Nintedanib Gets Fast Track Designation for the Treatment of Scleroderma

According to a story from BioSpace, the U.S. Food and Drug Administration has given Fast Track designation for nintedanib, which is undergoing testing for the treatment of systemic sclerosis with underlying interstitial lung disease, more commonly known as scleroderma. The announcement was released by Boehringer Ingelheim Pharmaceuticals, Inc. on March 19th.
Scleroderma is a group of autoimmune diseases that can affect a variety of body systems, most commonly the skin. The muscles, blood vessels, and other internal organs may also be involved. While the cause is not fully understood, most theories center around an abnormal immune system response. Family history, exposure to silica, and some genetic factors may also be risk factors for scleroderma. The diseases may be localized, normally on the skin, or systemic, affecting many different parts of the body. The systemic form can have a major impact on lifespan, with an average expectancy of 11 years of survival from diagnosis. One of the most severe complications is interstitial lung disease, and others include problems with blood flow, digestive system abnormalities, muscle pain and weakness, and skin lesions. To learn more about scleroderma, click here.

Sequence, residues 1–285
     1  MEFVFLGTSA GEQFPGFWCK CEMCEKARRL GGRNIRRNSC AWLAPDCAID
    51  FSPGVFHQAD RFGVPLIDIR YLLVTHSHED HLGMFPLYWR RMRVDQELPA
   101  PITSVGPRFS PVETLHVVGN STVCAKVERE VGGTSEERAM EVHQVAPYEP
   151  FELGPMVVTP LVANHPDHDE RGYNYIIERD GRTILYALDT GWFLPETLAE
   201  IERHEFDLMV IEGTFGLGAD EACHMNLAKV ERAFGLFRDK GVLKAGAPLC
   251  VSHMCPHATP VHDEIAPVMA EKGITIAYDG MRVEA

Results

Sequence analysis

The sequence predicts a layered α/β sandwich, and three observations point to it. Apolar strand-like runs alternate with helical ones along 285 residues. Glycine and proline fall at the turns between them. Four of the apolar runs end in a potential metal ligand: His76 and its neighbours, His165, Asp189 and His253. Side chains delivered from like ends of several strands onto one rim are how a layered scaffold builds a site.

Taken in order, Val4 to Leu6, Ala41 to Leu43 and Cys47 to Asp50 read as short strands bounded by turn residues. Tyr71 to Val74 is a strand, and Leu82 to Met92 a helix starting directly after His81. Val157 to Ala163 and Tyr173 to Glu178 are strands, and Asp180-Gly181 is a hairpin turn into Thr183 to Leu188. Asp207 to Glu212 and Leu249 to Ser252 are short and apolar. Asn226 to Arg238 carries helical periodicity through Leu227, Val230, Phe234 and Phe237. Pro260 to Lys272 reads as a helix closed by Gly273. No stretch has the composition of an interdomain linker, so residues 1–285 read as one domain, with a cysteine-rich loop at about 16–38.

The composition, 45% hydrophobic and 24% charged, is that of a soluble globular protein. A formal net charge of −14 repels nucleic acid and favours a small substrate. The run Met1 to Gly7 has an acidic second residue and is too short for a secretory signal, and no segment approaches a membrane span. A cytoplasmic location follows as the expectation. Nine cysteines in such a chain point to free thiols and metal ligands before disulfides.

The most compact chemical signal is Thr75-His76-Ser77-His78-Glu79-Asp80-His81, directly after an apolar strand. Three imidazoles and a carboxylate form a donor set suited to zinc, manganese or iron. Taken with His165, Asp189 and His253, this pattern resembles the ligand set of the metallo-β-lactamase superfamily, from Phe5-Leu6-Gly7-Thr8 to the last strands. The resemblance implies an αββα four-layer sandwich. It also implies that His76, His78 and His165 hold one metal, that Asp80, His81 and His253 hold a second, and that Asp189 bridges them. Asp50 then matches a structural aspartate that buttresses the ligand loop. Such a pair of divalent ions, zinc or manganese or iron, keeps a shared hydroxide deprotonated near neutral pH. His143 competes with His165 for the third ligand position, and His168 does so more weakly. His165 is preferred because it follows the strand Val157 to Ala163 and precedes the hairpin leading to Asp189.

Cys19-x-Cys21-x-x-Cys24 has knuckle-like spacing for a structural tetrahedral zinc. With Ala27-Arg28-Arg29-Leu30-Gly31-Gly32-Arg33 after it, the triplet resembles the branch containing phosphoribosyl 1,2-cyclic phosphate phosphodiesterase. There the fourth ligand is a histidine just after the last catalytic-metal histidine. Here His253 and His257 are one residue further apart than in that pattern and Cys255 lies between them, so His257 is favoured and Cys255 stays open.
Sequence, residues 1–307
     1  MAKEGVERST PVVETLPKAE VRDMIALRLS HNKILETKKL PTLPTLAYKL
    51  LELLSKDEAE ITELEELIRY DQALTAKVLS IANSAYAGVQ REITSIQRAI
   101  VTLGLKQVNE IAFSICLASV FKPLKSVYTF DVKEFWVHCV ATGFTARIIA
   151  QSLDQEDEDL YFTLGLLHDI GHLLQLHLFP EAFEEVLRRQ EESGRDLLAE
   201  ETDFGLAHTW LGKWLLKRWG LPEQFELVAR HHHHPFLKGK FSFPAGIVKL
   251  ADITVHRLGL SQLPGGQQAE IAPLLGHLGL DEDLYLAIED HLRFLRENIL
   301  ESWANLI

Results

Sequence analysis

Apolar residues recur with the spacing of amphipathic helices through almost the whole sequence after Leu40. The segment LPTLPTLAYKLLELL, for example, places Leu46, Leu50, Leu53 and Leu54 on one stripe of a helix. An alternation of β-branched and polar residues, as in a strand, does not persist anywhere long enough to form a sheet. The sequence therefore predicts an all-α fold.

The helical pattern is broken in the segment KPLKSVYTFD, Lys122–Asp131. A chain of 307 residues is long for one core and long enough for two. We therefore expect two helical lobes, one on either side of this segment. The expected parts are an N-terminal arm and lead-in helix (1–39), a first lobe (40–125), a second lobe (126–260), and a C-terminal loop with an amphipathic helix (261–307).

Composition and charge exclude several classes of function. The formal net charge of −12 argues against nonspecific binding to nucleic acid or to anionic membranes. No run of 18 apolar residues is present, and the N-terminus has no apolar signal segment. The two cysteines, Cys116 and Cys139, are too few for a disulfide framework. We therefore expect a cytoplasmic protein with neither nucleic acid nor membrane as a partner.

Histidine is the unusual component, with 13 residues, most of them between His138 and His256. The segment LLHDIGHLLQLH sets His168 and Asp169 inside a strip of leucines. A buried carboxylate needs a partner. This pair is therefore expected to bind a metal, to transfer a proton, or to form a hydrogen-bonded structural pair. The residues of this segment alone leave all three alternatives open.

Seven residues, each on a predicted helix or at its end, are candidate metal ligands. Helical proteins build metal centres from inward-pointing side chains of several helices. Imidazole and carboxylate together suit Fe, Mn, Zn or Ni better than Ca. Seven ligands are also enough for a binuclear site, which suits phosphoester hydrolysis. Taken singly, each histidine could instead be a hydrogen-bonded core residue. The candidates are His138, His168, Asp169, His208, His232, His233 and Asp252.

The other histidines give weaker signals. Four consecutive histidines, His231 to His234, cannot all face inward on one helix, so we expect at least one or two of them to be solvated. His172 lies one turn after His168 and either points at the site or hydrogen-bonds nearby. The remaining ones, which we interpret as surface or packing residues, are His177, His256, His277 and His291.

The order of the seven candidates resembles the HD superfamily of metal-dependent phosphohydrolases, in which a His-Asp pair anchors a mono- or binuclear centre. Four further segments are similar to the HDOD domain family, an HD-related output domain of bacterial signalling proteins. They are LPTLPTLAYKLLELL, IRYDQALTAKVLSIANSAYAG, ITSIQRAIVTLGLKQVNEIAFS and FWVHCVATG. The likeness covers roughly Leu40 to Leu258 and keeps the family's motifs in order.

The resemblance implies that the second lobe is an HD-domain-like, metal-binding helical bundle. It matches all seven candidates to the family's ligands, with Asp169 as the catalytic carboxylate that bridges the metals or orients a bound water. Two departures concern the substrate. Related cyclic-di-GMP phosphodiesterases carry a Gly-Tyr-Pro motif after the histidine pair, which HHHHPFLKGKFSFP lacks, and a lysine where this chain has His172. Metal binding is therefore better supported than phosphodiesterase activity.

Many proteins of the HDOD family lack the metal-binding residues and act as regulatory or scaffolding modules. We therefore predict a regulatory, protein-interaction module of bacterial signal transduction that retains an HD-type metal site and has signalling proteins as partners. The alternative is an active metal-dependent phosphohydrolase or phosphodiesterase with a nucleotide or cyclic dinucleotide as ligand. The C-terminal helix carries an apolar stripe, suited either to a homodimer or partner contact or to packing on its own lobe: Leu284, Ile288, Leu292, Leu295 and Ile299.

The Fast Track designation from the FDA is a mechanism that allows for treatments that will fulfill a currently unmet medical need and that address serious medical conditions to proceed through the development phase at a more rapid pace. The news is an encouraging step for the company and the scleroderma patient community. To date there have been a very limited number of therapies that have been clinically tested for treating scleroderma and no approved treatments that are targeted for treating scleroderma with interstitial lung disease.

Nintedanib has already attained FDA approval for the treatment of another lung disease, idiopathic pulmonary fibrosis. In this condition, the drug helps slow the loss of lung function. The lung disease in scleroderma and pulmonary fibrosis are defined by the scarring of lung tissue, and the nature of this scarring appears to be similar, which led to the initial testing of nintedanib for scleroderma. The ability of the treatment to address many of the other problems that appear in scleroderma is still unclear.

Share this post

Follow us